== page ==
|Advertising|Jobs 転職|Shukan ST|JT Weekly|Book Club|JT Women|Study in Japan|Times Coupon|Subscribe 新聞購読申込|
|Home > Life in Japan > Features|
Saturday, Oct. 30, 2010
Exploring the back of your mind
By AMY CHAVEZ
It had been in the back of my mind for a while now. I had to call an old Japanese friend to thank her for a gift she sent me recently. The problem was, I couldn't remember her phone number.
So yesterday, I finally decided to look for it. It was very dark in the back of my mind, and I had stacks of more immediate concerns piled near the frontal cortex. But I pushed all those things aside. I had to get this done.
The mind is a big, big place. I had forgotten how far back the back of my mind really is. From the gray matter in front, I must have walked a couple kilometers. It got darker and darker the further back I got. And smelly! The mind can be very unclean at times. Some memories had definitely soured.
I passed up a door labeled "Short-term Memory" but I knew the phone number wasn't in there. If it was, I wouldn't have to be making this journey in the first place. It was going to take a lot more searching than that. Nor was I going to find it in the room behind the door labeled "Instant Recall."
Continuing on, I eyed "Immediate Past." The telephone number was definitely not in there either. It was stored further back than that. As I walked on, I paused in front of the door that said "Major Life Changes," contemplating going in, just for the fun of it. But I really needed to stay focused. If I lingered here, another day might pass that I hadn't called this friend! I was determined to get this task done so I could cross it off my mental list.
The longer I walked, the darker it got. I could barely make out the room marked "Secrets."
When I came to "University Days" I quickened my pace and, with the same efficiency passed up "High School Days." I'm not even going there, I thought. I may never come back.
When I came upon the "LOL," however, I just had to take a peek. There were people in there rolling on the floor laughing. I recognized them all and joined them on the floor for a while. But I soon knew I had to get up and go. I had a telephone number to find!
I was a bit flummoxed by the door labeled "Lost and Found," until I remembered: If you don't use it, you lose it.
I successfully passed up "Long Ago" and smiled as I passed "Childhood." In the very back, where it was kind of musty, was "Earliest Remembrances." Wow, I had reached the back of my mind! But I still hadn't found that phone number.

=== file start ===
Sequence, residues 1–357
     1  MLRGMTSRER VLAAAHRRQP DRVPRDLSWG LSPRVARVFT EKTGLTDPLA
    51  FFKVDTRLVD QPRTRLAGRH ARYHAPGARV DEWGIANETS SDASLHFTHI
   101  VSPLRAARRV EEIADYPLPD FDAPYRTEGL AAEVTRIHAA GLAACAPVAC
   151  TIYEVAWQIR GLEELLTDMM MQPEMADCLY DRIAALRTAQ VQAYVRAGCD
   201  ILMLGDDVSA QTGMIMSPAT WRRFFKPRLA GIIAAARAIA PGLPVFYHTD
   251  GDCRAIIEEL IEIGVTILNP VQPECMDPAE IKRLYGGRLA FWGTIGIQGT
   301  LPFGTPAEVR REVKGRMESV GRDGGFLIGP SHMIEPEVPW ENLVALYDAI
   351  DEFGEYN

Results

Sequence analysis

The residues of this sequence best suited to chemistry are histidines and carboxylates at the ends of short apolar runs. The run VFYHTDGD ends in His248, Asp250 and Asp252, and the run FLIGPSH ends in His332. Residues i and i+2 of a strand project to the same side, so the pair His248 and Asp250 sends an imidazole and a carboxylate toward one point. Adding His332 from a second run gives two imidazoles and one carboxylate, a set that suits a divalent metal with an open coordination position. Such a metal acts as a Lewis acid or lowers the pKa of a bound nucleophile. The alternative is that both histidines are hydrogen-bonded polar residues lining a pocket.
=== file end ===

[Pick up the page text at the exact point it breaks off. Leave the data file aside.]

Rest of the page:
Now what? I had nowhere to go — but back. So I back tracked the back of my mind. Half way to the frontal cortex I started noticing rooms I had missed. They were in little lanes off to the sides. I hadn't explored these in a long, long time. One intersection had a sign with an arrow that said, "Warm and Fuzzy." I couldn't resist, and followed it.
I came to a door, but it wasn't a normal door this time. It was a dog door! I jumped through without hesitation. Inside the room, dogs were barking excitedly and licking my face and cats were purring while wrapping themselves around my legs. All the dogs and cats of my past were there! When I heard horses stampeding my way, I left the room knowing I would return someday. Someday when I had a lot more time.
Another lane had an entire section called "Japan-U.S. Flights." Curious, I opened the door just to have a look. The room was full of people I had shared flights with before: The little boy who peed in E-5, the seat I was assigned after him. Next to him sat that woman from three years ago who had farted during the entire 13-hour flight. And next to her was the tattooed, nose-pierced, multiple ear-pierced 18-year-old girl who was clearly disgusted that she was going to have to share her entire row with me. I quickly turned around and left, slamming the door.
But where was the phone number? There must be a whole room full of them, somewhere.
Suddenly, everything became very bright as I realized the problem. How could I be so dumb? I was on the wrong side of the brain!
I quickly found the corpus callosum and crossed over to the left side of the brain. There were some mental blocks inside the corridor, but they were not so hard to remove.
Once I arrived in the left hemisphere, it was just a short walk past "Taxes," "Passwords," and "Japanese Language," and down a lane to "Birthdays" and "Addresses." The telephone number was sitting right there in the middle of the lane, plain as day.
Which goes to show that the phone number wasn't in the back of my mind after all. It was somewhere in the middle.